Recently, I was asked to introduce myself to the children’s art sector through a network called Assitej UK. Here’s what I had to say…
‘My fondest memories of ‘art’ are of dancing in the kitchen to a mix of reggae, funk and R&B with my family on a Sunday afternoon. This early love of dancing carried through as a passion and vocation until four years ago when I made the transition from artist to arts manager. When I can, I still find space to exercise my dancing brain and body.
‘I have always been fascinated by the honest way that children and young people view the world. In an ever-changing environment where technology and movement of people has shifted the way we connect with our cultures and with one another, I am always able to learn a huge amount from speaking with young people as this is all a normal part of their experience. They are not tied down by past experience in the same way that adults are and therefore they find it easier take each situation as it is, not as they think it will be – to my mind this is the most exciting type of audience; one that is open and less biased.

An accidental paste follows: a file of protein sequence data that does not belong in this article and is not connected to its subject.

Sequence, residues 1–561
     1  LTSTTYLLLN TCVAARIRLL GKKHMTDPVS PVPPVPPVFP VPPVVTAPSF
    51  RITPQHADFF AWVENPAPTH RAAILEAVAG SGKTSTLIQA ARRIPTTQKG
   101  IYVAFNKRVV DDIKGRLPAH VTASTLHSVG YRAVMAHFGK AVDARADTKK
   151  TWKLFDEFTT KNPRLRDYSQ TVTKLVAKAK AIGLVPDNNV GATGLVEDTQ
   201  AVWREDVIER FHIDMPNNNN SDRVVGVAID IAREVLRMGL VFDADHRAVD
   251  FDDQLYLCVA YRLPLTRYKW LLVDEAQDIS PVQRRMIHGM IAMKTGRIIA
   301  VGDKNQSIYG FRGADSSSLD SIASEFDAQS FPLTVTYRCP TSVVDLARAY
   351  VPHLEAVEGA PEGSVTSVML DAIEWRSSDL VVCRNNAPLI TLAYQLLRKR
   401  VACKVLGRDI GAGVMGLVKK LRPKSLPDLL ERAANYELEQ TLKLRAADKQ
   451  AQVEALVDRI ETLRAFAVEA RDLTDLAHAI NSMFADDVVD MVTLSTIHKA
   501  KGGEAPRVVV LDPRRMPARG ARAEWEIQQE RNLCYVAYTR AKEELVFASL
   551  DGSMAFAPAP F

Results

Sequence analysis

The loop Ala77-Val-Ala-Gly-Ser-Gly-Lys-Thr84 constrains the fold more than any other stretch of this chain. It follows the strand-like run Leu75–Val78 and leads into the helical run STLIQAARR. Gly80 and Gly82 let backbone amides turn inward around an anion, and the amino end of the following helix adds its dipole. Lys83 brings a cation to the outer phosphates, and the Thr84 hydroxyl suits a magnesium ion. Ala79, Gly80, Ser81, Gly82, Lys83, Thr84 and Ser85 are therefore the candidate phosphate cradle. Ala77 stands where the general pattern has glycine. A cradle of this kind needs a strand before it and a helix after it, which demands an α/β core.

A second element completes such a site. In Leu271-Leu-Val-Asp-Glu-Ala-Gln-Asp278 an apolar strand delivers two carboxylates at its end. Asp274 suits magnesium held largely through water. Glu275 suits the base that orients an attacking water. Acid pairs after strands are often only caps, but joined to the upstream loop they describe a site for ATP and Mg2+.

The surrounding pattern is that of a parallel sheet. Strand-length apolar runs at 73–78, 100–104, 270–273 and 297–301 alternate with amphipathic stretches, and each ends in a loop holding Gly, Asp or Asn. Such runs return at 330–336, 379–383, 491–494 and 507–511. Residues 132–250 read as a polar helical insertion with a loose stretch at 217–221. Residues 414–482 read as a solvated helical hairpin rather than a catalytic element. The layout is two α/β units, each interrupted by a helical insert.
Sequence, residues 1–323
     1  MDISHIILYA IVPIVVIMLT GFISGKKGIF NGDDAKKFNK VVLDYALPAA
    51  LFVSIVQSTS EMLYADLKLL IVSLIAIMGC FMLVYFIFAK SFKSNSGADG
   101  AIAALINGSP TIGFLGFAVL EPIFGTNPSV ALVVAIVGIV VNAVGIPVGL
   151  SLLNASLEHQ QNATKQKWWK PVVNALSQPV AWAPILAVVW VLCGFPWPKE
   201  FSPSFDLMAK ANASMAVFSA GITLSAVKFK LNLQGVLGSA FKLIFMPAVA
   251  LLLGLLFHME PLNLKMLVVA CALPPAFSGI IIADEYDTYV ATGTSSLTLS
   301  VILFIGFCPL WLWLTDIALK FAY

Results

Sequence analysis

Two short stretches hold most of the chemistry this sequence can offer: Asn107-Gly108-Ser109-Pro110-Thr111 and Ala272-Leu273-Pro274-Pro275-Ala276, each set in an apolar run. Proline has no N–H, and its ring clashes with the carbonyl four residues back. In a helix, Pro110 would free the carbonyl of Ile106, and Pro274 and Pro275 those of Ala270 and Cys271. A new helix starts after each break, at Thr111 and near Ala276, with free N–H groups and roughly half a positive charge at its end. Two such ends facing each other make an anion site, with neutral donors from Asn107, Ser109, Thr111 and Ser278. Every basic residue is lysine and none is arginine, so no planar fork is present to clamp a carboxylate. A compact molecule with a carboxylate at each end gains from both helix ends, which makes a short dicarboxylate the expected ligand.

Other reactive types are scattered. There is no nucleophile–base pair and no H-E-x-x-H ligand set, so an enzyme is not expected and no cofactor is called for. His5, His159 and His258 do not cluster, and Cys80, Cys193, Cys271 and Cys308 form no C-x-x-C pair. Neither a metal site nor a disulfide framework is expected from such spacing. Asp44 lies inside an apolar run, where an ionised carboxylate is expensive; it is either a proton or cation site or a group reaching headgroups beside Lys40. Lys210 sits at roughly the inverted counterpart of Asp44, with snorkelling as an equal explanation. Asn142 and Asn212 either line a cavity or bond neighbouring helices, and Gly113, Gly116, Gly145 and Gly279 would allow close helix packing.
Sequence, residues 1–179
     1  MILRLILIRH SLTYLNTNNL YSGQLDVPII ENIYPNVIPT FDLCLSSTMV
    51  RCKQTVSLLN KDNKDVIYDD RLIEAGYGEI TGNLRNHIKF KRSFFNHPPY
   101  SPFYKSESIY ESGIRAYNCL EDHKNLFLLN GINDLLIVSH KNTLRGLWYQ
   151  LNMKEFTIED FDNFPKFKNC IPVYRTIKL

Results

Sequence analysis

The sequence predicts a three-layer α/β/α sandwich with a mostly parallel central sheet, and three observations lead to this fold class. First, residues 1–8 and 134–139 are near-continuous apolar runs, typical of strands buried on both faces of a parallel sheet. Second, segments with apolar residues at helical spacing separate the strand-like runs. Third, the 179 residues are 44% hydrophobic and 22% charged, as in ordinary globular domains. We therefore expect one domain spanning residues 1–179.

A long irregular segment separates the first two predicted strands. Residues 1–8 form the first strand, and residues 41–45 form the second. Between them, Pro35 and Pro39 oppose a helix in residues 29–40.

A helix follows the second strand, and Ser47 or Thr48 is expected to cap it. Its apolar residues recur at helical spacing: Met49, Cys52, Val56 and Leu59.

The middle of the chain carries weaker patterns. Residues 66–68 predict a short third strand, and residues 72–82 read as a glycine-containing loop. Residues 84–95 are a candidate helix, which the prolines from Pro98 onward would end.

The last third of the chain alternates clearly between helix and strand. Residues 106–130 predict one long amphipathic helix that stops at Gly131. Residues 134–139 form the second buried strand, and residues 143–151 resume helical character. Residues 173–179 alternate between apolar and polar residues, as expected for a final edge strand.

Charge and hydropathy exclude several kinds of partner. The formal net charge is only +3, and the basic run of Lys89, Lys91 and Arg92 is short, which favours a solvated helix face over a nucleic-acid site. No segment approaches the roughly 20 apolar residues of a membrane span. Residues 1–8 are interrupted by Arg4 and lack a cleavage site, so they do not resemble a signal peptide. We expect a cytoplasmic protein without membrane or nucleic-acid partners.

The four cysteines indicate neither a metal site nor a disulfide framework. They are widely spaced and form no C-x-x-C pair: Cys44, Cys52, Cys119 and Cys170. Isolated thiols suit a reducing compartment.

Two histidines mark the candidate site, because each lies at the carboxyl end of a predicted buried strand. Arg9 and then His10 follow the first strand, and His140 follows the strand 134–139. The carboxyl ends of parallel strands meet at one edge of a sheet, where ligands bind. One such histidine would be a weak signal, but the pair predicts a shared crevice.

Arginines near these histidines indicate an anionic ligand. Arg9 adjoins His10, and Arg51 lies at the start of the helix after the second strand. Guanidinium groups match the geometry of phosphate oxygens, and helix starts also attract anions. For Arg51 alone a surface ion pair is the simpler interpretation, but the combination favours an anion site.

‘For as long as I can remember being aware of my own race, I have wanted better representation. Not only in the number of people looking like me and my family on stage, but in the range of stories being told about them. As a teenager I became aware of how culture and media shaped others expectations of me and my family in different ways – what we should be good at, how we should act, what our hair or shade of skin said about us. Whilst this feels less blatant today the undercurrents are still present and the power structures that exist in the sector and beyond are still biased and unbalanced. This is reflected in some of the work we see and the way that work is presented. This subtle yet weighty issue is one that I would like to see shift more drastically than it has so far.’